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Do yourself a favour: get more organised

Trawling through the numerous family-orientated social media groups, Crysta Darmanin says the main concerns on parents’ minds at the moment seem to be staying on top of their family’s busy autumn schedule and spicing up boring school lunches.

Very often, sorting out the family schedule falls on the parent with stronger organisational skills. The dizzying array of extra-curricular activities, which our keeping-up-with-the-Joneses society insists on sending their children to, leaves parents juggling a mind-boggling assortment of schedules.

Always striving to make the lives of parents living locally less of a chore, creating more time for adventure, here are our top tips for these two dilemmas which threaten to overwhelm us at the start of the scholastic year.

An informal poll of my most organised friends has uncovered a multitude of ways in which carers can stay on top of their kids’ agenda. One super-organised mother of four hangs separate colour-coded files for each of her children off a magnetic notice board in the heart of the home. Yes, you guessed it – the kitchen.

In it she puts a weekly timetable with all their school uniform schedules, school timetable for satchel packing the evening before and extra-curricular activities times and venues. Another nifty way of visualising the week ahead is investing in a magnetic perpetual calendar and colour coding each person’s schedule onto it for the current season. That way every person in the family has access to where the rest of the brood are at any given place or time.

More hard copy options include a good-sized diary with lined sections in each day where you can record the special activities, such as school meetings and parents’ day, as well as regular activities.

Some like to use a family planner, with a column for each member of the family, but personally I find that there is never enough room to write down all the necessary details in this kind of calendar. A hand pocket diary is indispensable to carry around in your handbag for jotting down notes on the go – just don’t forget to transfer the appointments to your master copy at home once you get back.

Parents who use technology at the workplace tend to be more comfortable with digitalising their home lives. Both iOS and android have virtual calendar options you can share with your spouse and tweens, as well as sync with the online school schedules. The nifty option to set up reminders to alert you via your mobile goes a long way in avoiding clashes of schedule.

The key to keeping control, as always, is effective communication – work out with your partner exactly how many hobbies you can afford to send each child to during that term. Remember to check regularly whether your children are still interested in continuing their training in that field before forking out your hard-earned cash on the annual fee and updated kit.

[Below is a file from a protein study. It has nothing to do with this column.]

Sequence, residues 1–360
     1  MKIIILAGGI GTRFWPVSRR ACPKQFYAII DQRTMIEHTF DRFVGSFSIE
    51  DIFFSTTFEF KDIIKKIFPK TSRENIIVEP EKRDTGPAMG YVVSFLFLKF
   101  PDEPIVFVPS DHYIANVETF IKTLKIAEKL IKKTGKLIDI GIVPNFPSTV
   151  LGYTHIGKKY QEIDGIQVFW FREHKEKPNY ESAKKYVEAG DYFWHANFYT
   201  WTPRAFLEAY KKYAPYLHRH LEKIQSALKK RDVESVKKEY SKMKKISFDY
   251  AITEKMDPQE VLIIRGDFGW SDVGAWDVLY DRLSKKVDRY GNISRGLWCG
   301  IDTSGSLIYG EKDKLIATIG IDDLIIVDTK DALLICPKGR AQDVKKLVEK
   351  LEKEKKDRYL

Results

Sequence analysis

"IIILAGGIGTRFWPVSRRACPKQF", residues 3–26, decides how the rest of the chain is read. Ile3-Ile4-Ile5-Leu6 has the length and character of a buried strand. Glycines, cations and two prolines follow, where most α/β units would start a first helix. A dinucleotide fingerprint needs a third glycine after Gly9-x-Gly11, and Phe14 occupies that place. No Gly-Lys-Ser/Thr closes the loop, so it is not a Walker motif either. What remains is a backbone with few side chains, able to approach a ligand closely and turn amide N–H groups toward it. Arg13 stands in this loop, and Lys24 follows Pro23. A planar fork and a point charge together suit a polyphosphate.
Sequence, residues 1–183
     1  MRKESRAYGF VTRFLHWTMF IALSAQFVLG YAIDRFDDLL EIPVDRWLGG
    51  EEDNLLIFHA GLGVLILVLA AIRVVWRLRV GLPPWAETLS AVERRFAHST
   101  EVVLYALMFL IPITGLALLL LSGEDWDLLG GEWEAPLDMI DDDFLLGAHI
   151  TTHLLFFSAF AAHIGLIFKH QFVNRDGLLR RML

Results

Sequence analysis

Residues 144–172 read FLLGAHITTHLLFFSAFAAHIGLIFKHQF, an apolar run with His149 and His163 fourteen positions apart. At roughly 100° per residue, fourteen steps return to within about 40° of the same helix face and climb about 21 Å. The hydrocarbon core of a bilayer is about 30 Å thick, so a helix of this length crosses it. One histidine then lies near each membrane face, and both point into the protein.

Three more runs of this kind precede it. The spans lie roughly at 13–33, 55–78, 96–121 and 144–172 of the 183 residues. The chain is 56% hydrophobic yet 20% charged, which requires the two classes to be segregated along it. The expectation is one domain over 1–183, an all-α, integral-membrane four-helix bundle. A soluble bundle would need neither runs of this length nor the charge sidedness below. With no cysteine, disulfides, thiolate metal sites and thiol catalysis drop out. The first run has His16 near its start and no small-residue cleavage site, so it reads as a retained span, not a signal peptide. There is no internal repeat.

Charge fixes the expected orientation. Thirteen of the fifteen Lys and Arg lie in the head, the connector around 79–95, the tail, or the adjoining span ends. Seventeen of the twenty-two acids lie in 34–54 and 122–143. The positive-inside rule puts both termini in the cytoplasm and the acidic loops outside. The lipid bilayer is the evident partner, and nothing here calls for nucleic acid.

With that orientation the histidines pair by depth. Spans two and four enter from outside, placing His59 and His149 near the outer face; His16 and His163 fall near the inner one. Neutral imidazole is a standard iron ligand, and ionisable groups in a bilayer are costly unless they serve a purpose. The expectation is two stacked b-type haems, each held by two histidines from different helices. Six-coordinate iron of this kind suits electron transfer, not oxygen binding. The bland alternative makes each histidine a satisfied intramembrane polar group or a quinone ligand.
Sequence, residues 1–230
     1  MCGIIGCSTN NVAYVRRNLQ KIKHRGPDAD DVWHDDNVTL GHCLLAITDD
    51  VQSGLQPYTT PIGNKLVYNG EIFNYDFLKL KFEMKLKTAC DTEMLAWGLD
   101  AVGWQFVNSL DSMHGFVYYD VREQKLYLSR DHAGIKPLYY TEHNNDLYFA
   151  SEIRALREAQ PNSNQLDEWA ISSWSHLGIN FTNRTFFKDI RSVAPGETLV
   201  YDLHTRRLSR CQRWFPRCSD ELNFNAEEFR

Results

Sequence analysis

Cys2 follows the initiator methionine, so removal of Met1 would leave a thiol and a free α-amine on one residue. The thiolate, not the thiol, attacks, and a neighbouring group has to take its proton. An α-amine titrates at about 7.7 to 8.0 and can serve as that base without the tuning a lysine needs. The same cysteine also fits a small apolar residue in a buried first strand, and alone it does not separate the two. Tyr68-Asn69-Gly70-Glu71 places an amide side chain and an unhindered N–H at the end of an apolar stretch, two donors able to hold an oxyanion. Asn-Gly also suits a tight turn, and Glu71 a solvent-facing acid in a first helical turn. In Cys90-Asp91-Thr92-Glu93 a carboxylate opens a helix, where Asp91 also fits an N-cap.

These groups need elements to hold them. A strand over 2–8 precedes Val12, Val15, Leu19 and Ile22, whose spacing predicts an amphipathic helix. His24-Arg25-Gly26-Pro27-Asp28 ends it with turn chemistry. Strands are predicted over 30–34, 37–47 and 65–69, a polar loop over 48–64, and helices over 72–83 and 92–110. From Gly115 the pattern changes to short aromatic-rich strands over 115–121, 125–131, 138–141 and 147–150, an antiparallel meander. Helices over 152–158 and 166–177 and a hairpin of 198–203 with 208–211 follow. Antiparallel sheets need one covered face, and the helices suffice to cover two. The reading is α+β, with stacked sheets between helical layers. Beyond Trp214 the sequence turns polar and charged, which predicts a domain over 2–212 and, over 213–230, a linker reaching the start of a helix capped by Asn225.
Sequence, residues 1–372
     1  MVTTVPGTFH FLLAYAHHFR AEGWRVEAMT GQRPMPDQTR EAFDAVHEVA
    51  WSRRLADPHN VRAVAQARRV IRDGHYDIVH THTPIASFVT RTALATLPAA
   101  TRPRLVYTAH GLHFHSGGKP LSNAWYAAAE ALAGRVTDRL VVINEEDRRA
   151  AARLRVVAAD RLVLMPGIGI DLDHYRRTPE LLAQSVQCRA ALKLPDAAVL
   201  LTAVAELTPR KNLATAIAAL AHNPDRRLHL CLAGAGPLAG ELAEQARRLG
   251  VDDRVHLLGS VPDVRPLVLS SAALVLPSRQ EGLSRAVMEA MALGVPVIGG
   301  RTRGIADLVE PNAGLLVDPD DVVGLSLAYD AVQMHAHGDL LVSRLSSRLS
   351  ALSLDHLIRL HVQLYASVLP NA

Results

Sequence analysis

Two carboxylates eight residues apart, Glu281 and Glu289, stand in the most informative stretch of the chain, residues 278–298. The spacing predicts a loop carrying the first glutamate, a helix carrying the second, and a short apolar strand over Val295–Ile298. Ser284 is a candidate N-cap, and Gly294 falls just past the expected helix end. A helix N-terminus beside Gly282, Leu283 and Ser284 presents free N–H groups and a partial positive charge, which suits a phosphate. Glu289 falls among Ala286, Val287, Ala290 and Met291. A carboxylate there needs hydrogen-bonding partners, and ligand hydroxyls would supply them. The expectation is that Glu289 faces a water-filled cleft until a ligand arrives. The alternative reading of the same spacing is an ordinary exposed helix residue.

Invest in a solid lunchbox with different compartments as it is very appealing to children

It also pays to be crystal clear as to who will be driving the children to their respective activities ahead of time, leaving no room for ambiguity, so that no one gets stranded at football practice. When doing your research into new extra-curricular options, be practical enough to look in your area to avoid long traffic jams.

For those of us still young enough to remember how boring it was to open up our school lunch and find the same old fruit plus sandwich combo day after day, our generation tries to put a little more effort into brightening up our little one’s school break. It helps that finding portable, healthy options has become much more mainstream.

Invest in a solid lunchbox with different compartments – as it is very appealing to children having a variety of food spread in front of them at a glance. To this day I am still baffled as to why rice cakes are so appealing to my kids; no need to turn to the flavoured type; just go for the rectangular or mini ones which are more lunchbox-friendly.

Try as I might, I just cannot get my kids to eat fresh fruit outside of the home, as they complain that apples get discoloured and peaches go mushy when left in the lunchbox.  A practical solution are the reusable pouches that can be filled with any homemade puree of your choice, stuck in the fridge and whipped into the lunchbox in the morning.

Although eating whole fruit is healthier as the fibre is lost during the smoothie process, vitamins remain intact and you can feel virtuous as you stay under the radar of the ever-stricter sugar policy in schools.

Dried fruit is a winner. Little boxes of raisins are fun for sharing. Just keep them in a container in the kitchen cupboard unless you want the child to go through the embarrassment of offering an ant feast to their friends. Dried apricots also come in snack-sized plastic pouches and, apart from being soft and delicious, pack a mighty vitamin punch as the processing helps to preserve the impressive array of antioxidants and nutrients within.

Bread sticks, cheese cubes, wholegrain cereals, wraps and mini yogurts all keep well as the temperature drops. Lastly, bear in mind that even if your kid is comfortable eating carrot sticks dipped in hummus at home, they may feel slightly inhibited to do so if front of their classmates.

So take the stress out of adjusting to the autumn routine with these handy hints for staying on top of the bubble.

Crysta Darmanin is editorials manager at the Malta Baby & Kids Directory, an annual publication distributed free to pregnant mothers registering at Mater Dei and Gozo General Hospital. The www.maltababyandkids.com portal is updated daily with family activities taking place around the Maltese Islands. Join the conversation on the maltababyandkids.com chat Facebook group and follow the maltababyandkids.com Facebook page to stay updated.

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